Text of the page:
Emergers, the best version of dries?

ohanzee

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Lots of emerger patterns lie flat in the surface.
Which ones? a parachute, klink, deer hair emerger, cdc emerger, all have a thorax that sits suspended and hanging below the surface, to imitate an emerging fly that has a thorax that sits suspended below the surface.

There are times when sitting in or on as opposed to hanging under makes a difference.
 

Cap'n Fishy

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I use the Kamasan B100, so mine will hang more vertical. I'll give both a go, identical body and see if it makes any difference. I've also tied some with a white foam post instead of CDC which, with the B100's, hangs down without the feather footprint, and is more robust.
Any shuttlecock is going to hang fairly vertically...






To get the hook up more horizontally with a CDC fly, you would want to switch from a shuttlecock to an F-fly...



However, because the hackle of a Klink is spread across the surface, you have the option to tie it on a shallow curved hook to lie more horizontally...



Or on a B100 to hang deeper into the water...



Col
 

ohanzee

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Here are some...

To pick just one(for simplicity) I personally wouldn't regard this as an emerger pattern, nor an imitation of an emerging stage of a hatch, its pretty much the allrounder hog that I use for prospecting when there is no hatch, can be anything from a terrestrial dungfly to a trapped emerger.

The shipmans is a good example of a classic trapped emerger, and your images are all along those lines, it can work when a DHE doesn't, there are times when fish want trapped emerging flies and ignore those coming off the water, other times they are fixated on those coming off.

The essential thing is that they are designed to represent different things, and sometimes the slight difference between sitting in the surface and hanging below makes the difference between catching and not, therefore I can't agree that an emerger lying flat and one hanging below is the same thing.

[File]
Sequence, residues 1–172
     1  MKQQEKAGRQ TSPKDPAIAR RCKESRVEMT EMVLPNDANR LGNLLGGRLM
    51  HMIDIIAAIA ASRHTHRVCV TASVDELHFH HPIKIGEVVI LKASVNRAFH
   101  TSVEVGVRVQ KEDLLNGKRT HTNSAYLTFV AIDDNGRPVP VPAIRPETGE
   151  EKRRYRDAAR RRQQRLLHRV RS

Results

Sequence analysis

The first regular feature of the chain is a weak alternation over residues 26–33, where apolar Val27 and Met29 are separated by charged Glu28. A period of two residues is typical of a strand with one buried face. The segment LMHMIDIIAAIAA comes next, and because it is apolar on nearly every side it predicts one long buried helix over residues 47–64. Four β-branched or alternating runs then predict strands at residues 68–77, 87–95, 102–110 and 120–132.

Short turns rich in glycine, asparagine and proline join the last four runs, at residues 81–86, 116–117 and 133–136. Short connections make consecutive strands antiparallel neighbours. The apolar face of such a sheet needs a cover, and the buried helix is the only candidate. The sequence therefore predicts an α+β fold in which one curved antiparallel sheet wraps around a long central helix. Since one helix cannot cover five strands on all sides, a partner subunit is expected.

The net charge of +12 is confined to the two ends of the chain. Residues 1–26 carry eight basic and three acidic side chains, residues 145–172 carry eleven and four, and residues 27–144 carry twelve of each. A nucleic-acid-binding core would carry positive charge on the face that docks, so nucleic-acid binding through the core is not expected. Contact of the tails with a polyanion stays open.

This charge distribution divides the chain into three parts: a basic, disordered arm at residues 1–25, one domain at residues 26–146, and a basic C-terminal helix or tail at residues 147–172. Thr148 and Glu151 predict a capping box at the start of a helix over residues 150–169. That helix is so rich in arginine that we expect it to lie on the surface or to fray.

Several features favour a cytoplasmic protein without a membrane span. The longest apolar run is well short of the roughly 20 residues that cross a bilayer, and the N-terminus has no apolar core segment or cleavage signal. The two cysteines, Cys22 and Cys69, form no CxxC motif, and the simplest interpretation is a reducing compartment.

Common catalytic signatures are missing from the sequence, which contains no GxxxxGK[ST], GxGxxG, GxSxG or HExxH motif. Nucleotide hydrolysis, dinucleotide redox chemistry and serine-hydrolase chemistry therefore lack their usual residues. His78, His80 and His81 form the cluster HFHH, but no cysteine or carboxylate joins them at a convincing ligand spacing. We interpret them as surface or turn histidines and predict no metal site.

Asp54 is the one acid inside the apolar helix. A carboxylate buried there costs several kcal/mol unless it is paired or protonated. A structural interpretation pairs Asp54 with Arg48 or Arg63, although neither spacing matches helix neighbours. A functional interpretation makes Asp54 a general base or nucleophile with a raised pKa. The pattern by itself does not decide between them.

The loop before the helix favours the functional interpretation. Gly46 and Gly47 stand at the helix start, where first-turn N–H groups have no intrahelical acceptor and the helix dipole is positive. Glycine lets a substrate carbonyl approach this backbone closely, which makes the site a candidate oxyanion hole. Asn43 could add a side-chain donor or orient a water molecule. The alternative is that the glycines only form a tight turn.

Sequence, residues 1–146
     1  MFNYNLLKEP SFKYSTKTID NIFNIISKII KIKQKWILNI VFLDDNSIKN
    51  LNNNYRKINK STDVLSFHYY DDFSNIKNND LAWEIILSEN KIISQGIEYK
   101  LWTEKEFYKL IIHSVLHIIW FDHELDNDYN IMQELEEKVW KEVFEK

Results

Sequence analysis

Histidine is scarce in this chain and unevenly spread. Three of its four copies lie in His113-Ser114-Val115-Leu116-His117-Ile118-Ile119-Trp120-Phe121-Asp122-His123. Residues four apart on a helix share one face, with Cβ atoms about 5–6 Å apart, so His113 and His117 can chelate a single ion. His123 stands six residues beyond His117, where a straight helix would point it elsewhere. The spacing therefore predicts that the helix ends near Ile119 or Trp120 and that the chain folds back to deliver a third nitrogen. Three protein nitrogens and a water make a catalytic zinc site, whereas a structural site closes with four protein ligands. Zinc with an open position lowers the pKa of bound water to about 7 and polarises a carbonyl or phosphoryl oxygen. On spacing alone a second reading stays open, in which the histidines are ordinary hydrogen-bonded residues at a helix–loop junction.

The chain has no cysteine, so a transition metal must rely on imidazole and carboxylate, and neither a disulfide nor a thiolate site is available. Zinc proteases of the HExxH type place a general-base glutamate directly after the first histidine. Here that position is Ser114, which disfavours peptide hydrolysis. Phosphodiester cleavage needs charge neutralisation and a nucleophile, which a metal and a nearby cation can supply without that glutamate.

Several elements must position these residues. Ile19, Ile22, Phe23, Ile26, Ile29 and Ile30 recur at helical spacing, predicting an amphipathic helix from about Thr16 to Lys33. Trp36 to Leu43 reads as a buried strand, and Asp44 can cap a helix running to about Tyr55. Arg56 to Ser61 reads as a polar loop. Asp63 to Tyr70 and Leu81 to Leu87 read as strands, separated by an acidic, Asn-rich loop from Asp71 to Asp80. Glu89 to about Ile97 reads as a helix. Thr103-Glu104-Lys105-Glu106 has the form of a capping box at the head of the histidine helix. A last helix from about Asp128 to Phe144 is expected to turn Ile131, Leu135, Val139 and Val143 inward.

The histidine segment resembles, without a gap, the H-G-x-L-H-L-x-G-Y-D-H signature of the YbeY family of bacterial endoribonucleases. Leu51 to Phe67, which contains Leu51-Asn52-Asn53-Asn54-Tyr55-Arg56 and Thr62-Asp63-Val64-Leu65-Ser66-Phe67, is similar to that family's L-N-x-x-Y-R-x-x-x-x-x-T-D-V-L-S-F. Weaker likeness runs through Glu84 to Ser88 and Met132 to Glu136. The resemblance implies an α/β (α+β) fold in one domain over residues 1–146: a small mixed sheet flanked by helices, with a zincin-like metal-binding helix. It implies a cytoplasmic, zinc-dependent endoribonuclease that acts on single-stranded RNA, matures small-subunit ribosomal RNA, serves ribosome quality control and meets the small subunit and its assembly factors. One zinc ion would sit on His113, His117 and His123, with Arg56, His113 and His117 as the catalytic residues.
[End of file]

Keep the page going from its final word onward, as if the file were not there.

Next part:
Cap'n Fishy

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I personally wouldn't regard this as an emerger pattern, nor an imitation of an emerging stage of a hatch
It doesn't matter what you think. It's just a dressing. An emerger is a stage in an insect's life, not a specific dressing. If I use that as an emerger, it's an emerger. If I use it as a terrestrial, it's a terrestrial... and so on, for any of them.

The shipmans is a good example of a classic trapped emerger, and your images are all along those lines
That's the whole point. When the flies are emerging, a lot of them are horizontal at the surface, not hanging vertically down. Any that get trapped are great targets for trout... and hence well worth imitating. Those that don't get trapped... hatch, and a lot of them are away into the air quick, before they get eaten. Remember that the emerger is the insect, not the fly pattern. You asked for emergers lying flat and I gave you some fly dressings, eg Shipmans, F-flies, Klinkhamers, Raiders, Found Links, Comparaduns, etc, that can be used to imitate emergers lying flat.

therefore I can't agree that an emerger lying flat and one hanging below is the same thing.
No one asked you to agree to that. :unsure:
 

ohanzee

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Remember that the emerger is the insect, not the fly pattern
That was my point, dry flies are imitations of very specific things, often particular stages of specific flies, what we call them is less important than that principle, we do differentiate between a thorax hanging under the surface and one trapped in it because it matters to catching.

I subscribe to Bob Wayatt's philosophy in his initial book, a trouts surface diet is mostly nymphs, emerging nymphs, and to a lesser degree flies that land on water, in patterns a nymph, emerger and surface fly covers 99% of a trout diet, three patterns, PTN, DHE, DHS.
 

Cap'n Fishy